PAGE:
Welcome to our site!

Electro Tech is an online community (with over 170,000 members) who enjoy talking about and building electronic circuits, projects and gadgets. To participate you need to register. Registration is free. Click here to register now.

  • Welcome to our site! Electro Tech is an online community (with over 170,000 members) who enjoy talking about and building electronic circuits, projects and gadgets. To participate you need to register. Registration is free. Click here to register now.

frequency changing

Status
Not open for further replies.

solmantx

New Member
I need to multiply a low voltage signal of 0-100 Hz by
a range of about 4 to 6.
One solution I'm considering is using a frequency-voltage IC
followed by a voltage-frequency IC with the appropriate
resistors and capacitors to get the right calibration. Specifically,
I've identify the Nat. Semi. LM2917N and the Analog Devices AD537
for this application. This combination seems to minimize the number
of circuit components. I was able to get a few samples and
have already built the first half before moving on to the second half.
However, I don't have any much experience in electronics and
I'm wondering if I might have overlooked a simpler approach.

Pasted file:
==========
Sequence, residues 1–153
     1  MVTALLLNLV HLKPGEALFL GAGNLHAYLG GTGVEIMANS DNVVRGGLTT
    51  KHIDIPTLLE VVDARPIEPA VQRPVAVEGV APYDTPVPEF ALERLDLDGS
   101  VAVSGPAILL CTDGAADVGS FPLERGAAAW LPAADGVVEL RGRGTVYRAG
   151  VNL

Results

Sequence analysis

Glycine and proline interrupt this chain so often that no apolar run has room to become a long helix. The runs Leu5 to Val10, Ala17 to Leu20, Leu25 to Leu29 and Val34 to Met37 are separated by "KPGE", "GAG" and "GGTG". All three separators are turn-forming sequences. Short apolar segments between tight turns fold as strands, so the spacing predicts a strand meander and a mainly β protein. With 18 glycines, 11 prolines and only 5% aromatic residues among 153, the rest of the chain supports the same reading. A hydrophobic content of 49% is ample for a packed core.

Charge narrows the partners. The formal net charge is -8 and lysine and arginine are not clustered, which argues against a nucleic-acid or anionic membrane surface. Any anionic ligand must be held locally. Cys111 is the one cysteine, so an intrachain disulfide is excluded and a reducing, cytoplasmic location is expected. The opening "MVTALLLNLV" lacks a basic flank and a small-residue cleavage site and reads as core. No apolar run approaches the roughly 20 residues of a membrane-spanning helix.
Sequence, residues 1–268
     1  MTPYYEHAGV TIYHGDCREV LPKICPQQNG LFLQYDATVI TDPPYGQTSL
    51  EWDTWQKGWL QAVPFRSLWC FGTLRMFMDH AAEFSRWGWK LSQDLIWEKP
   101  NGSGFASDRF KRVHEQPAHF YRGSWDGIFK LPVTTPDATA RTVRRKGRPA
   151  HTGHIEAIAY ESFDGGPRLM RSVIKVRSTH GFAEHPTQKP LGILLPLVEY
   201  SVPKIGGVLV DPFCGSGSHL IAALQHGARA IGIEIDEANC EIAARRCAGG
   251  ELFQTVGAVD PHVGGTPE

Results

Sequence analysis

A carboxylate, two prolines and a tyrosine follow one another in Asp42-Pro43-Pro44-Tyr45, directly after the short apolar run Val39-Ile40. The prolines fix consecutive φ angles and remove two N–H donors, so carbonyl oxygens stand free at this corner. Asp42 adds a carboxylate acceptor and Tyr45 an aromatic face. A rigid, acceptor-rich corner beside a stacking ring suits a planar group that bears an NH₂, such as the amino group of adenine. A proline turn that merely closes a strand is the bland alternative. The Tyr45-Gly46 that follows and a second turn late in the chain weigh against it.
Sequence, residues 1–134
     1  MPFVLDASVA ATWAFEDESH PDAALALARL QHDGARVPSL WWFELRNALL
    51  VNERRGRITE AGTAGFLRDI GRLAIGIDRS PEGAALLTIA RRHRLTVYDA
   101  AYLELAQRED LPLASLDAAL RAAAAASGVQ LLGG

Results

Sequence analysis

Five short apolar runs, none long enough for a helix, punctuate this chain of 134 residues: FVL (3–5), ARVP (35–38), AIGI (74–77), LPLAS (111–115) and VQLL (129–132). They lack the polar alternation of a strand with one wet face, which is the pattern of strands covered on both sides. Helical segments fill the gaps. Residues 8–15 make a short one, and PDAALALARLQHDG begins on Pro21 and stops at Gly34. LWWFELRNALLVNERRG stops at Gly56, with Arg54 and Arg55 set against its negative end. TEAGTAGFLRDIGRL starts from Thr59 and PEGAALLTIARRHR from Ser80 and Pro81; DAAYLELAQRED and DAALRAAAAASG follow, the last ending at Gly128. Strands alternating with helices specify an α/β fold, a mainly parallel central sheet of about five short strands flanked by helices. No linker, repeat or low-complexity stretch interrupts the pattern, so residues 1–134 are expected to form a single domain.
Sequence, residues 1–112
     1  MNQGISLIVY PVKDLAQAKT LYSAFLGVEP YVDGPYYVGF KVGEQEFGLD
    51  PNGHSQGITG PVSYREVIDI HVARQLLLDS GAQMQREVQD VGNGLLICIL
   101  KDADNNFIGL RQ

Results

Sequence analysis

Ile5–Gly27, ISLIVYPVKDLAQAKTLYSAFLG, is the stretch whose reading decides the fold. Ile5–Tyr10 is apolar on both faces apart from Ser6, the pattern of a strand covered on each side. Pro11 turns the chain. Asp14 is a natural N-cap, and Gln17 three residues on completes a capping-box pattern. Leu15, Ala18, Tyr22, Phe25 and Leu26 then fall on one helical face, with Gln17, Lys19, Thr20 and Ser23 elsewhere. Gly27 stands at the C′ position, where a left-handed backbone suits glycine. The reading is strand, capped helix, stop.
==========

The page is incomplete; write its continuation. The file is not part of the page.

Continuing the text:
Project Background:
I'm trying to build a replacement speed sensor for my car. The
gear in the transmission has stopped and would require a trans. rebuild
to fix. The mechanic thinks the transmission is otherwise in good shape
and doesn't recommend that solution at this time.
I am building a system based on a magnetic sensor and magnets on
the drive shaft.
The speedometer seems to measure the frequency of an
oscillating signal coming from the speed transducer. From a few
tests, it seems to expect a frequency about 24 times the rotation
frequency of the wheel. I can mount up to 6 magnets around the shaft
but would still need to multiply the signal by 4. It would also be nice to
be able to calibrate the system to display the correct speed.
 

k7elp60

Active Member
frequency multiplier

Another solution would be to use a CD4046 phase lock loop with a CD4017 counter. One input to the 4046 phase detector is your sensor, the other input is the output of the 4017 counter which is fed by the VCO of the 4046. The counter is set to divide by 4 or 6. The VCO also feeds
your pickup circuit.
 

Roff

Well-Known Member
bogdanfirst said:
k7elp60.....

I need to multiply a low voltage signal of 0-100 Hz by
a range of about 4 to 6.

Bogdanfirst, perhaps you don't understand phaselocked loops (PLLs). A PLL connected as k7elp60 describes will, in fact, multiply the input signal frequency as described. It won't, however, work down to 0 Hz. Neither will the F-V-F scheme proposed by solmantx.